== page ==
For instance, if $$\mathbf{F}$$ is the vector field associated to a one-form $$\omega\text{,}$$ we could have defined the curl $$\boldsymbol{\nabla} \times \mathbf{F}$$ to be the vector field associated to the one-form $$\star d \omega\text{.}$$ That is,

\begin{equation*} \omega \leftrightarrow \mathbf{F} \qquad \star d\omega \leftrightarrow \boldsymbol{\nabla} \times \mathbf{F}. \end{equation*}

Similarly, we could have defined the divergence $$\boldsymbol{\nabla} \cdot \mathbf{F}$$ to be the function given by $$\star d\star \omega\text{.}$$ That is,

\begin{equation*} \omega \leftrightarrow \mathbf{F} \qquad \star d\star \omega \leftrightarrow \boldsymbol{\nabla} \cdot \mathbf{F}. \end{equation*}

We could translate all vector calculus identities in Section 4.4 using the Hodge star, but in the end, as far as we are concerned in this course, this is just a fancier way of saying the same thing. :-)

Recall from Example 4.4.7 the statement of Maxwell's equations, which form the foundations of electromagnetism. They can be written in terms of the electric vector field $$\mathbf{E}$$ and the magnetic vector field $$\mathbf{B}$$ on $$\mathbb{R}^3$$ as follows (I am now using units with $$c=1$$ as is standard in modern physics, and I have rescaled the electric charge $$\rho$$ and the electric current density $$\mathbf{J}$$ to absorb the factor of $$4 \pi$$):

\begin{align*} \boldsymbol{\nabla} \cdot \mathbf{E} =\amp \rho,\\ \boldsymbol{\nabla} \cdot \mathbf{B} =\amp 0,\\ \boldsymbol{\nabla} \times \mathbf{E} + \frac{\partial \mathbf{B}}{\partial t} =\amp 0,\\ \boldsymbol{\nabla} \times \mathbf{B} - \frac{\partial \mathbf{E}}{\partial t} =\amp \mathbf{J}. \end{align*}

It turns out that there is a very nice way of rewriting Maxwell's equations using differential forms, which makes them manifestly relativistic (i.e. consistent with special relativity). Moreover, this reformulation works in any number of dimensions! It defines the natural generalization of Maxwell's equations to higher-dimensional spacetimes, which is useful in physics theories like string theory.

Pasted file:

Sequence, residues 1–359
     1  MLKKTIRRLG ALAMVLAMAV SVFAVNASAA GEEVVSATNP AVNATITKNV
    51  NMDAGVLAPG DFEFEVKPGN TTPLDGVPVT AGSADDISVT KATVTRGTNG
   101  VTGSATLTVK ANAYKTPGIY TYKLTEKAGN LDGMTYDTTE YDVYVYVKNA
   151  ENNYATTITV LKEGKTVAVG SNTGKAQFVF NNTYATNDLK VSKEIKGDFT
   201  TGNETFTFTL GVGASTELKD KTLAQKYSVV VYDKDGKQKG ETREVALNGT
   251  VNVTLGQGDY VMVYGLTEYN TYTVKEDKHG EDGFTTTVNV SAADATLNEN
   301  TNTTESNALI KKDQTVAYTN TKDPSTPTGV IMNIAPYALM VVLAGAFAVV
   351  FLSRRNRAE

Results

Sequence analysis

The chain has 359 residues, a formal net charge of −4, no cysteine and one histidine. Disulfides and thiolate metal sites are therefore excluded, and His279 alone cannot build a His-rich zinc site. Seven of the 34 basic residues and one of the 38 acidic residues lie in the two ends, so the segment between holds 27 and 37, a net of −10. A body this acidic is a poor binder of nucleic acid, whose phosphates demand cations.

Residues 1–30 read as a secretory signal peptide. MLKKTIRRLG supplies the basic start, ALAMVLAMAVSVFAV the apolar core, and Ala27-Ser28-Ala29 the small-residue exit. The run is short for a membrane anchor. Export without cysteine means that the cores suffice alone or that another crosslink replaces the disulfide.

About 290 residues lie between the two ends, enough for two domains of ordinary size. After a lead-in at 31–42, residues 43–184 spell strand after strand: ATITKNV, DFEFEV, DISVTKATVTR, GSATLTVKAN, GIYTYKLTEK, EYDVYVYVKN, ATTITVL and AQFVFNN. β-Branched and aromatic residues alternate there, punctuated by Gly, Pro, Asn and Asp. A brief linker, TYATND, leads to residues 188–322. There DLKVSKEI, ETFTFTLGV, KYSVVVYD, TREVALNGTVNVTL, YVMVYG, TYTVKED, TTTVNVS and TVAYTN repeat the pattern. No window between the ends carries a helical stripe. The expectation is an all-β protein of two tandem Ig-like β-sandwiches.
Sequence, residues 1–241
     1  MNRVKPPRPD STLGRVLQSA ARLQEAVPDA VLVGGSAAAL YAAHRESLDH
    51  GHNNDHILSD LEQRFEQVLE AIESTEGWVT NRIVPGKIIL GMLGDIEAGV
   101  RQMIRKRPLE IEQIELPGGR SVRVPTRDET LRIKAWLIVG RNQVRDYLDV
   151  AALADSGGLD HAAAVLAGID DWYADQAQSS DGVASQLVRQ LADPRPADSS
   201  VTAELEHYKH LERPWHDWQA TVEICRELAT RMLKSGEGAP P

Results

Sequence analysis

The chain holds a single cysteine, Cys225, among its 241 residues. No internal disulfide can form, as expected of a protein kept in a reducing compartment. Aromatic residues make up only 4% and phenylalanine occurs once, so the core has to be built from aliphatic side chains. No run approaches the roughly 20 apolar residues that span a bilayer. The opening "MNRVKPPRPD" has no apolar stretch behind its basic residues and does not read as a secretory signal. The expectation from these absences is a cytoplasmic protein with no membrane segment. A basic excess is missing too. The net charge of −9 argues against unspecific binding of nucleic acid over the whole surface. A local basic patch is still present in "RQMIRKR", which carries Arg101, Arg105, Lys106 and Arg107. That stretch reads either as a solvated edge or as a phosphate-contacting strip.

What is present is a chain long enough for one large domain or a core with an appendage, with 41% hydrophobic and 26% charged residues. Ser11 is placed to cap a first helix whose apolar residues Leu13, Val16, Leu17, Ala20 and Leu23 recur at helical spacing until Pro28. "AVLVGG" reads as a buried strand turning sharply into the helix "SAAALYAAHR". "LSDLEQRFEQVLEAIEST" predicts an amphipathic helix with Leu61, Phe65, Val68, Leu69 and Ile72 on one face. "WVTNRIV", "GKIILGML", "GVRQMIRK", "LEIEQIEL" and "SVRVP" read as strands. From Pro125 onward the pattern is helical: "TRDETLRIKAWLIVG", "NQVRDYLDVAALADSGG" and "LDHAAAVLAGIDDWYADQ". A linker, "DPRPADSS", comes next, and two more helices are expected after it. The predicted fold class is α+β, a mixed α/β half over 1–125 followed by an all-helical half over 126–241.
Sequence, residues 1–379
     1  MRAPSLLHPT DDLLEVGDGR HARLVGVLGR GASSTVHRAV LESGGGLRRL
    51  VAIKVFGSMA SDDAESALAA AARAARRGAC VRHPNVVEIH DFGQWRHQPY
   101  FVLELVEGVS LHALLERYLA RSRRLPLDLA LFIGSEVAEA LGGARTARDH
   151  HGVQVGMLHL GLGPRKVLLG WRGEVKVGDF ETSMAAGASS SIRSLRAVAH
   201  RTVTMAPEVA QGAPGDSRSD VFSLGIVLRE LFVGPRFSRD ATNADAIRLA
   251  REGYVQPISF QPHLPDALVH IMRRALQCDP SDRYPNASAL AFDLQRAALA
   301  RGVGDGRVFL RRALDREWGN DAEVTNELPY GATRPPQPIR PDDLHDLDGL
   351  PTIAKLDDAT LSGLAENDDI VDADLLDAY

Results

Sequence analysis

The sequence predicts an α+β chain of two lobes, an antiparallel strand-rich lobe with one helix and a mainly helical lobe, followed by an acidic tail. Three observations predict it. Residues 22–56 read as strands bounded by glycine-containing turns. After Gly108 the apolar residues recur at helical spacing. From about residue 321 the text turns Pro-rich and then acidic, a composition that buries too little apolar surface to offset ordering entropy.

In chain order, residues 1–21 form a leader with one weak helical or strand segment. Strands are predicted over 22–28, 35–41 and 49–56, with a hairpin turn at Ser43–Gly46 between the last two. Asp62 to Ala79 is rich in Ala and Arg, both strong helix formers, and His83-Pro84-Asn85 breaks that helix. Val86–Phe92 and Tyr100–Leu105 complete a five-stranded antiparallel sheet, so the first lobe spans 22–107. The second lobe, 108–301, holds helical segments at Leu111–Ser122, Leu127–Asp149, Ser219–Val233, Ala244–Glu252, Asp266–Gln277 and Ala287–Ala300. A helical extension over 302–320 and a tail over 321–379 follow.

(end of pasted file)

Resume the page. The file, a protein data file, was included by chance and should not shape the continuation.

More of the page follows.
To write Maxwell's equations in this form, we need to consider them as living on spacetime, i.e. $$\mathbb{R}^4\text{,}$$ with coordinates $$(t,x,y,z)\text{.}$$ We first construct a two-form $$F$$ on $$\mathbb{R}^4$$ that combines the electric field $$\mathbf{E}$$ and the magnetic field $$\mathbf{B}$$ as follows:

\begin{equation*} F = B_x\ dy \wedge dz + B_y\ dz \wedge dx + B_z \ dx \wedge dy + E_x \ dx \wedge dt + E_y \ dy \wedge dt + E_z \ dz \wedge dt. \end{equation*}

We also construct a three-form which combines the electric current $$\mathbf{J}$$ and the electric charge $$\rho$$ as:

\begin{equation*} J = \rho\ dx \wedge dy \wedge dz - j_x\ dt \wedge dy \wedge dz - j_y\ dt \wedge dz \wedge dx -j_z\ dt \wedge dx \wedge dy. \end{equation*}

Using these definitions, and the definition of the Hodge star on $$\mathbb{R}^4\text{,}$$ 2  we can rewrite Maxwell's equations neatly as the following two equations (you can check this!):

\begin{align*} d F = \amp 0, \\ d \star F = \amp J. \end{align*}

Isn't that neat? The first equation is simply saying that the two-form $$F$$ is closed. The second equation is the “source equation”; if there is no source (i.e. $$J=0$$), it is simply saying that the two-form $$\star F$$ is also closed. Moreover, not only is this formulation nice and clean, but it is manifestly Lorentz invariant (as it is formulated in four-dimensional space time).

To be precise, we need to modify the definition of the Hodge star operator a little bit here. The reason is that spacetime is $$\mathbb{R}^4\text{,}$$ but with a different definition of length as for standard Euclidean space. It is called Minkowski spacetime; the definition of length is given by a metric, and in this case the metric is Lorentzian, which is a bit different from the standard Euclidean metric (it has an extra sign). The reason is that the fourth dimension of time behaves somewhat differently from the three space dimensions, which is reflected in this choice of Lorentzian metric. In the end, the correct definition of the Hodge star operator on Minkowski spacetime $$\mathbb{R}^4$$ is the operator $$\star$$ that acts on basic $$k$$-form as
\begin{equation*} \omega \wedge \star \omega = \pm dt \wedge dx \wedge dy \wedge dz\text{,} \end{equation*}
with a plus sign whenever $$\omega$$ does not contain $$dt\text{,}$$ and a minus sign whenever $$\omega$$ contains $$dt\text{.}$$

Furthermore, this formulation of Maxwell's equation naturally generalizes to any number of dimensions. In $$\mathbb{R}^n\text{,}$$ $$F$$ remains a two-form, but $$J$$ becomes an $$(n-1)$$-form. Then $$\star F$$ is an $$(n-2)$$-form, and the two equations make sense in $$\mathbb{R}^n\text{.}$$ As mentioned above, this higher-dimensional generalization is useful in modern physical theories such as string theory. This is an example of the power of the formalism of differential forms!

### Subsection4.8.2The Hodge star and the Laplacian

We can combine the Hodge star with the exterior derivative to define a new operation on differential forms, called the “Laplace-Beltrami operator”.

#### Definition4.8.7.The codifferential and the Laplace-Beltrami operator.